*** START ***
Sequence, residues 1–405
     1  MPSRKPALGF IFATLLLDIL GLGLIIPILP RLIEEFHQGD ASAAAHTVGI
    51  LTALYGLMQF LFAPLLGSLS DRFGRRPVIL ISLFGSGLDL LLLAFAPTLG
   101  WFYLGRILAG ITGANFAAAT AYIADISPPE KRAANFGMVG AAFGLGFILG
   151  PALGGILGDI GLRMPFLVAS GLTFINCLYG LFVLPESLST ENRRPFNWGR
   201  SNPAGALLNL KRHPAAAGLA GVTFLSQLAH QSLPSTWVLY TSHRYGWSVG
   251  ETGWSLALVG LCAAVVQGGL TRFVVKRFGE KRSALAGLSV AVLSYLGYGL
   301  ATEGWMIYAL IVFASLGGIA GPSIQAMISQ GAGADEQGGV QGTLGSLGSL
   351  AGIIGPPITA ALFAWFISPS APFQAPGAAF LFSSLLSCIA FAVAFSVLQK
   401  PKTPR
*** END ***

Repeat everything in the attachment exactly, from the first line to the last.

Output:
Sequence, residues 1–405
     1  MPSRKPALGF IFATLLLDIL GLGLIIPILP RLIEEFHQGD ASAAAHTVGI
    51  LTALYGLMQF LFAPLLGSLS DRFGRRPVIL ISLFGSGLDL LLLAFAPTLG
   101  WFYLGRILAG ITGANFAAAT AYIADISPPE KRAANFGMVG AAFGLGFILG
   151  PALGGILGDI GLRMPFLVAS GLTFINCLYG LFVLPESLST ENRRPFNWGR
   201  SNPAGALLNL KRHPAAAGLA GVTFLSQLAH QSLPSTWVLY TSHRYGWSVG
   251  ETGWSLALVG LCAAVVQGGL TRFVVKRFGE KRSALAGLSV AVLSYLGYGL
   301  ATEGWMIYAL IVFASLGGIA GPSIQAMISQ GAGADEQGGV QGTLGSLGSL
   351  AGIIGPPITA ALFAWFISPS APFQAPGAAF LFSSLLSCIA FAVAFSVLQK
   401  PKTPR